If endosulfan is evil, why does the Indian farmer use it? Surely, there is a farmer's point of view. The first reports linking endosulfan to health problems and birth defects in Kasaragod, Kerala were published in February 2001 in Down to Earth. The Supreme Court has now banned the use of the pesticide till an expert committee submits its report in around eight weeks.

"Those that think that the market-led system is perfect are living in a dream... There is need for an optimal combination of around 70 per cent of market and 30 per cent state influence" - Ashok Gulati, Chairman Commission for Agricultural Costs and Prices, Ministry of Agriculture, in conversation with Ajay Jakhar and Paranjoy Guha Thakurta.

The more a farmer spends on fertiliser and pesticide, which he believes that he must to maintain yields from his gradually decaying parcel of land, the more is the rise in the disease burden amongst those who produce the food and those who consume it. It is not just about one shortcoming in the way India calculates food price. It is about a fundamental gap in the economic theory of calculating inflation based on food prices.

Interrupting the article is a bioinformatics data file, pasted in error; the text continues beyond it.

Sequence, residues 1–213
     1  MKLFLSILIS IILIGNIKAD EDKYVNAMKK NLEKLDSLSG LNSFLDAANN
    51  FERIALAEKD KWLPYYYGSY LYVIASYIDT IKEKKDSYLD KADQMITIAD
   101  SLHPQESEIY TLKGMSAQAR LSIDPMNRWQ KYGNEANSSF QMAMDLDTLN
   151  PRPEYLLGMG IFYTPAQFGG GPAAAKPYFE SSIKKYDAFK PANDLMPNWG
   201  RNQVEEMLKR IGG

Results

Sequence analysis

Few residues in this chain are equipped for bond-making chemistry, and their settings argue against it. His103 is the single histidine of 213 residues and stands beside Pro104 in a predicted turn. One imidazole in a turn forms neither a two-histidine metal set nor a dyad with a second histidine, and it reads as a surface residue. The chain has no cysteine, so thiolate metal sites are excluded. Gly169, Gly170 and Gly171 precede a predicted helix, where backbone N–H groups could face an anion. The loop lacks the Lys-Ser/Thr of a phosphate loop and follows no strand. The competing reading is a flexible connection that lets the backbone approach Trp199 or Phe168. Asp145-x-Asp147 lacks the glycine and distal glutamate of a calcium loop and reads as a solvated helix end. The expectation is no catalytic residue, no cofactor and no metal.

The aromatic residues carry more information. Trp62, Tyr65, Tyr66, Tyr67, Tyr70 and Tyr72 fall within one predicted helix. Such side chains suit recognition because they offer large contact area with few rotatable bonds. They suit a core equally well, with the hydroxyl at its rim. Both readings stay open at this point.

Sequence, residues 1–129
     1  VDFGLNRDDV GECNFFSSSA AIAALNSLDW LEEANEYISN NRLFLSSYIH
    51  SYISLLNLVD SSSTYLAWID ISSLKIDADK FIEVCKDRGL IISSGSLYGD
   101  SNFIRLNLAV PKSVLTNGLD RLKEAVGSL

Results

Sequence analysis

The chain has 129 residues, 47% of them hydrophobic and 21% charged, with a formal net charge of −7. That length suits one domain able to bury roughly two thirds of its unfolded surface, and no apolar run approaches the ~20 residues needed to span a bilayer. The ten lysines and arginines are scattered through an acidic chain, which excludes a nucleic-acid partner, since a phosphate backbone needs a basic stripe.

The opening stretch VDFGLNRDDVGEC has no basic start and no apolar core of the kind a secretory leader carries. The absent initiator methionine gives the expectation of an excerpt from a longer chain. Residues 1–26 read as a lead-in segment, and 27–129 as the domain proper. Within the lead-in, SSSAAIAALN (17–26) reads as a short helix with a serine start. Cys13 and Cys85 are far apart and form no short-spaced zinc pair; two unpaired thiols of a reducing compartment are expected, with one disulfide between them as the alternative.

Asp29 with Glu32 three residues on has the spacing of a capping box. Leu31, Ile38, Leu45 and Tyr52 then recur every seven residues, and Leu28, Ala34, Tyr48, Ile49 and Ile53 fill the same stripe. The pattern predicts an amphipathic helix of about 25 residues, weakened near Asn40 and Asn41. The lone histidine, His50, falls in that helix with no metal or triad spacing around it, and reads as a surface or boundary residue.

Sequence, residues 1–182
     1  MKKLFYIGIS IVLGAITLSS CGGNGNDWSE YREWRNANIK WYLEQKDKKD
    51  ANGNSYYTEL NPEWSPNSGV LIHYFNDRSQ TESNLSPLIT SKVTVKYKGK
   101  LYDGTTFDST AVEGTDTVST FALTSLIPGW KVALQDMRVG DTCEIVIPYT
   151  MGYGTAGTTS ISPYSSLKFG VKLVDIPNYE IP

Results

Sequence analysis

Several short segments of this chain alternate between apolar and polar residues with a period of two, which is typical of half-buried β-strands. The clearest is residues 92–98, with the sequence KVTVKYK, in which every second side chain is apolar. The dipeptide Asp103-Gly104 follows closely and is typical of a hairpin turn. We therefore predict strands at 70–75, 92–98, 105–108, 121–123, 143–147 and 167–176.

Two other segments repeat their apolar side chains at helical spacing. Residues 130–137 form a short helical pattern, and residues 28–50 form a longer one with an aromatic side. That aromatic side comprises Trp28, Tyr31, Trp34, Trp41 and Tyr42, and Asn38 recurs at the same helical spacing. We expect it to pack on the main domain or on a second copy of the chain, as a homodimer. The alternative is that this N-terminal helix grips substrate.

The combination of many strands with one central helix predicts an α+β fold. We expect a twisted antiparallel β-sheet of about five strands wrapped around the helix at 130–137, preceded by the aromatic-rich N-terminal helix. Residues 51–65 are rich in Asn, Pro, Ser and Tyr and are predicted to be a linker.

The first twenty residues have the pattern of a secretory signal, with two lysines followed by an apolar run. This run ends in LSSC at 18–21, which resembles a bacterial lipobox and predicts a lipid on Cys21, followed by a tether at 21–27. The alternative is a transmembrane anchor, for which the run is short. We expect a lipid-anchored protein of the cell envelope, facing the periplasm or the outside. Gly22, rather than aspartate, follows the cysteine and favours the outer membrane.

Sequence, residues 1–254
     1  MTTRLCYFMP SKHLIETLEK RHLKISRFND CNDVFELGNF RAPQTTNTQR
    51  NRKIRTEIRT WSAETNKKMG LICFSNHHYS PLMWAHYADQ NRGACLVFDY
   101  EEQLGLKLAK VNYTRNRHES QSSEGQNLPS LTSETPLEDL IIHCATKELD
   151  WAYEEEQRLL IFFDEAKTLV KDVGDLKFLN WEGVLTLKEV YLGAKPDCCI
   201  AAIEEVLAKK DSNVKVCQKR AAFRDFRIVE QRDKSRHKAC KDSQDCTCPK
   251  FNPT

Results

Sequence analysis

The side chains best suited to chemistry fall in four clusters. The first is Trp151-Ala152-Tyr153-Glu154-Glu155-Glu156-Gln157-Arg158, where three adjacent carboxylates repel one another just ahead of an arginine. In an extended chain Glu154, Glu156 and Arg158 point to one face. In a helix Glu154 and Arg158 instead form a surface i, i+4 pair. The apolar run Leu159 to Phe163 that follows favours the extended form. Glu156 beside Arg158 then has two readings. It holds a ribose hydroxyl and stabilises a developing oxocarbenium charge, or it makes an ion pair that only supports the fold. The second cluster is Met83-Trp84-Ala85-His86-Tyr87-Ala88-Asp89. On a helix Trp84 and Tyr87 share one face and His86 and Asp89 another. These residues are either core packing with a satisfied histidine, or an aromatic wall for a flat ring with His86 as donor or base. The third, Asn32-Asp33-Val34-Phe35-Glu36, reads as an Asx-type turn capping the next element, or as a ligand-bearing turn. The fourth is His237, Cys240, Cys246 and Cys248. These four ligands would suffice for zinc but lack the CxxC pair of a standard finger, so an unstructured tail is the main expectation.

Balancing the conflicting interest of farmers, intermediaries and consumers is a tightrope walk for the Indian government even when there is price tranquility. This balancing exercise has become nightmarish in recent years with food inflation showing persistency and turbulence. These developments prompted the Cabinet Secretary to constitute an inter-ministerial group (IMG) to manage overall inflation with a focus on prices of primary food items in February 2011.